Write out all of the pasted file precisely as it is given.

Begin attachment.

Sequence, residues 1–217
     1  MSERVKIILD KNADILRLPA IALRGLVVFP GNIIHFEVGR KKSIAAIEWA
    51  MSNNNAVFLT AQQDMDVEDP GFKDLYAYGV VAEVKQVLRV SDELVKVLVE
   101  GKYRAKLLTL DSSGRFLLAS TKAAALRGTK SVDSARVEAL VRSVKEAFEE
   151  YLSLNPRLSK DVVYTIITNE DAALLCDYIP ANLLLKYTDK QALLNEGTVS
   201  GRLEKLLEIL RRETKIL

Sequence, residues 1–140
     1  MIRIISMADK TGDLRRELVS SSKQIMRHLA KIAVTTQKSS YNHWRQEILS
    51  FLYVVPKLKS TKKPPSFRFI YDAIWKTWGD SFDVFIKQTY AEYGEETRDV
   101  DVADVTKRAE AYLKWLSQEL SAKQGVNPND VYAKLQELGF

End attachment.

Sequence, residues 1–217
     1  MSERVKIILD KNADILRLPA IALRGLVVFP GNIIHFEVGR KKSIAAIEWA
    51  MSNNNAVFLT AQQDMDVEDP GFKDLYAYGV VAEVKQVLRV SDELVKVLVE
   101  GKYRAKLLTL DSSGRFLLAS TKAAALRGTK SVDSARVEAL VRSVKEAFEE
   151  YLSLNPRLSK DVVYTIITNE DAALLCDYIP ANLLLKYTDK QALLNEGTVS
   201  GRLEKLLEIL RRETKIL

Sequence, residues 1–140
     1  MIRIISMADK TGDLRRELVS SSKQIMRHLA KIAVTTQKSS YNHWRQEILS
    51  FLYVVPKLKS TKKPPSFRFI YDAIWKTWGD SFDVFIKQTY AEYGEETRDV
   101  DVADVTKRAE AYLKWLSQEL SAKQGVNPND VYAKLQELGF